This from Jesson Mata, recently appointed Director of Office of Divine Worship for Archbishop Sample in the Archdioces of Portland, Oregon. He is also the Archbishop's Master of Ceremonies. He has done a blog posting on how to cook a dish - 'lamb with earthy vegetables'. At one level this is a simple cooking demonstration but he connects it with the liturgical season of Advent and offers it in anticipation of the coming season. This highlights the point that feasts and fasts are not just religious observances or names given to the liturgical celebration but are about eating (or not as the case may be).
There can be a tendency to think of the Lamb's supper, in the Mass, as a symbolic replication of conventional meals, but in fact it is the other way around. Formal meals are quasi-liturgical activities that are derived from and point to the holy banquet.
Similarly, the choice of vegetables reflects the earthly season, which points us to the seasons of sacred time. It is sacred time that is the model for earthly time, and not the other way around. He also gives it a Oregonian connection by making use of locally grown produce.
Anyway, here is the posting, complete with the video of Jessen in his kitchen...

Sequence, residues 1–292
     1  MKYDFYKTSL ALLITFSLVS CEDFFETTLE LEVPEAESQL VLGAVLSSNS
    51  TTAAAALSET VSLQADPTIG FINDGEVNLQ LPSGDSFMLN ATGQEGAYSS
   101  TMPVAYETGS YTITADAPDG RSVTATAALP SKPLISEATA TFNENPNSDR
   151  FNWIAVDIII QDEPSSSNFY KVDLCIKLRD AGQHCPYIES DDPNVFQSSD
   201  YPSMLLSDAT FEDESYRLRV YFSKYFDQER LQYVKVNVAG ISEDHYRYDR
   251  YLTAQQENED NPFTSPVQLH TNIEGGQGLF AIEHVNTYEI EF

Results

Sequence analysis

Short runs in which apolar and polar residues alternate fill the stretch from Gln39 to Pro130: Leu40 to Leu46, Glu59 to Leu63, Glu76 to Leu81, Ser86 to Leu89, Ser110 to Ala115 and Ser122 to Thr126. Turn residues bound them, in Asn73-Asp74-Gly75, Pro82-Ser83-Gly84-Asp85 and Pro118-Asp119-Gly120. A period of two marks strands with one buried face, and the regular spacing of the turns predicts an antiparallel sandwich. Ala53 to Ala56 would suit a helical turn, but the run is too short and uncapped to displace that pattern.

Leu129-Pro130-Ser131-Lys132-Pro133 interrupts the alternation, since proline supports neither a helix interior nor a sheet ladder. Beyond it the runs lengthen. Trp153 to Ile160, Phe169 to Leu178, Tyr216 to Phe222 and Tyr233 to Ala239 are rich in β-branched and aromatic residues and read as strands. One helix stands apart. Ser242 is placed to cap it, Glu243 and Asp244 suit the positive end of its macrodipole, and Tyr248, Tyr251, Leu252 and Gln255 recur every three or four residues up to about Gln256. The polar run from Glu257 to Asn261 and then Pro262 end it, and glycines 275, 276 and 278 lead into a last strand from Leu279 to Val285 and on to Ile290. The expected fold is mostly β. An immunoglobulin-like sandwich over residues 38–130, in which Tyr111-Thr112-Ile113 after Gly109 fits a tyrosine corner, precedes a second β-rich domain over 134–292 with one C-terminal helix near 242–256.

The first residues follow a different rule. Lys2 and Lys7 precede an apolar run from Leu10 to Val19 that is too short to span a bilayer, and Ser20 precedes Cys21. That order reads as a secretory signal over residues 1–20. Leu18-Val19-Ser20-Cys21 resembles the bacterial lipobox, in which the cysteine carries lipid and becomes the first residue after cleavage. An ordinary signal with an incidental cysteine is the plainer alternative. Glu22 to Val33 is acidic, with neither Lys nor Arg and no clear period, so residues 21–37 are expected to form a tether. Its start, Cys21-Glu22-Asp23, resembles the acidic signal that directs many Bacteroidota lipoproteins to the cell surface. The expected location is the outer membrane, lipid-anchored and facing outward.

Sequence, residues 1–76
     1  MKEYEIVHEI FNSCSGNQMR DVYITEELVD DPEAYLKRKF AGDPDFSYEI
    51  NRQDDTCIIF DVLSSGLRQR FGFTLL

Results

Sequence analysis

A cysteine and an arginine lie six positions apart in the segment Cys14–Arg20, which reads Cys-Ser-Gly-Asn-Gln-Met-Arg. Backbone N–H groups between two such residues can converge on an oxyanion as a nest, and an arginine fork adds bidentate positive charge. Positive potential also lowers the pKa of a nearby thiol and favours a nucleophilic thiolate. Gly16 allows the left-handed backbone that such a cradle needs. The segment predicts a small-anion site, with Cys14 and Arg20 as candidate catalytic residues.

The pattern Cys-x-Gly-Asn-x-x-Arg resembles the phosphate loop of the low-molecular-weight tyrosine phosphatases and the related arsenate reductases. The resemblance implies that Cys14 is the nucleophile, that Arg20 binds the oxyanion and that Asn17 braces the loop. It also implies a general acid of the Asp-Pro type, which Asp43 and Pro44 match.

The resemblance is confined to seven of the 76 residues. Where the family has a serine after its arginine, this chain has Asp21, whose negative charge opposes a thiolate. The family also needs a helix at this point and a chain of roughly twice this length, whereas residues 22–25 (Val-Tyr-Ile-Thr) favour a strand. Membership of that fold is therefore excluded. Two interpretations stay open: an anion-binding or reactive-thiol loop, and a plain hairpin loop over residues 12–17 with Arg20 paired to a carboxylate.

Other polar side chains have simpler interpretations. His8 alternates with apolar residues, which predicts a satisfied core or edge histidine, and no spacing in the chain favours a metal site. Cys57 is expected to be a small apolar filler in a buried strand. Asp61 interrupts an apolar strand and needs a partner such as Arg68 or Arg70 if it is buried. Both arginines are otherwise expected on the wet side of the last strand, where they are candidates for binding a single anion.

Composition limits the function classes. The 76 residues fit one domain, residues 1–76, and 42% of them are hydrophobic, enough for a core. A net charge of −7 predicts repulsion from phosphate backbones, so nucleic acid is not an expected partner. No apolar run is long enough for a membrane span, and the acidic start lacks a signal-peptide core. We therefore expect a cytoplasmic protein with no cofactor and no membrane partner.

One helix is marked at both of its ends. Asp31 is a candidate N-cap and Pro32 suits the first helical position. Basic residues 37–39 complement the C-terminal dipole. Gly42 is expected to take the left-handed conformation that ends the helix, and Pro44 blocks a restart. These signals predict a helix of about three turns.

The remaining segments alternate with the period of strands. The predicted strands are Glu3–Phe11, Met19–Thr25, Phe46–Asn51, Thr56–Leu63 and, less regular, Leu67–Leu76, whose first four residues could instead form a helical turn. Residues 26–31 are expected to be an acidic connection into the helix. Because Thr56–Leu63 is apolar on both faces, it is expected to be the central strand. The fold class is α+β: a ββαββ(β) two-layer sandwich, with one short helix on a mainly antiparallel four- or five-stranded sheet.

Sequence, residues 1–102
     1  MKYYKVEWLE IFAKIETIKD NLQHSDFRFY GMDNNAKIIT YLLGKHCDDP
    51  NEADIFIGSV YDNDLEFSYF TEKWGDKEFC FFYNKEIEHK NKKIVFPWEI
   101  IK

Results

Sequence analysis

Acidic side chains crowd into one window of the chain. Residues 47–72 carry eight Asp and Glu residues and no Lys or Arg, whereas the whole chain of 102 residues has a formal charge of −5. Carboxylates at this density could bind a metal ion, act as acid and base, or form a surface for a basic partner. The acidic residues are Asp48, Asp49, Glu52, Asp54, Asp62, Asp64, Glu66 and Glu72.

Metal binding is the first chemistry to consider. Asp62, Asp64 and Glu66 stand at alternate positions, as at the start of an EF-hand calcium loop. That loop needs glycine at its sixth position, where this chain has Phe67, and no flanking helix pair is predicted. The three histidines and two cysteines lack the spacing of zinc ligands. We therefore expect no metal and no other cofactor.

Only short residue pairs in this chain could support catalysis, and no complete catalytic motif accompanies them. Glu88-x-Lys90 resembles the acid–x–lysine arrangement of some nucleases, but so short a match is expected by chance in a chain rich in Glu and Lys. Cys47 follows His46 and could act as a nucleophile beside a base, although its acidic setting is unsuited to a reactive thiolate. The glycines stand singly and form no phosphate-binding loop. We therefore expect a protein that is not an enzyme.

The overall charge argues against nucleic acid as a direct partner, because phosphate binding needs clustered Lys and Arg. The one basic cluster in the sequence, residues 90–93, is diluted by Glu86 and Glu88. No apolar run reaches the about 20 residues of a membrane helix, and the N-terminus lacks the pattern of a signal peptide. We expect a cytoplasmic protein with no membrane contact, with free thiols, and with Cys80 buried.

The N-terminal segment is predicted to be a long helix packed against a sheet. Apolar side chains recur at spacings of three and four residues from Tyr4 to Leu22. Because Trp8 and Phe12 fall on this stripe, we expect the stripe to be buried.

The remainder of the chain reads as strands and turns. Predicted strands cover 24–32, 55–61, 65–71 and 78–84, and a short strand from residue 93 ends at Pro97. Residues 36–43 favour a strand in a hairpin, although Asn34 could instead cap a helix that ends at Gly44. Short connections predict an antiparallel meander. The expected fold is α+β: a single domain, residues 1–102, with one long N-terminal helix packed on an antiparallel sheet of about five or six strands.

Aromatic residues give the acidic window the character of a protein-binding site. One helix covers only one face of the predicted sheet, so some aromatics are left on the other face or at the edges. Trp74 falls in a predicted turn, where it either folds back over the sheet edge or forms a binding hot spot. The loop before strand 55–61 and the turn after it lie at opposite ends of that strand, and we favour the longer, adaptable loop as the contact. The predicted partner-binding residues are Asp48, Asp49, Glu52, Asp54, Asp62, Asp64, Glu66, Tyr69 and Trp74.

My only criticism would be the same one I have of all haute cuisine - the size of the helping. If I was presented with a meal like this I could probably eat about 10 of them and still be hungry. Then again, I am a bit of a Philistine when it comes to food and tend to see quantity and quality as the same thing!
Jesson also chooses a very interesting modern image of Our Lady - it has a hazy, gothic feel to it which I think works very well. I didn't recognize it so asked Jesson about it and he referrred me to this link here. The artist is Kay Eneim and it was painted in 2007. As she explains its is 'copied' from a 14th painting by Spanish gothic master, Pere Serra. She explains her reasons for focussing just on Our Lady (the original has many saints surrounding her). It is to her credit that she did not seek to do something wholly original (as someone working in the modern idiom might) This selective copying, changing only what is necessary to make it accessible to the modern eye, is how artists should approach the reestablishment of these traditions today as living traditions.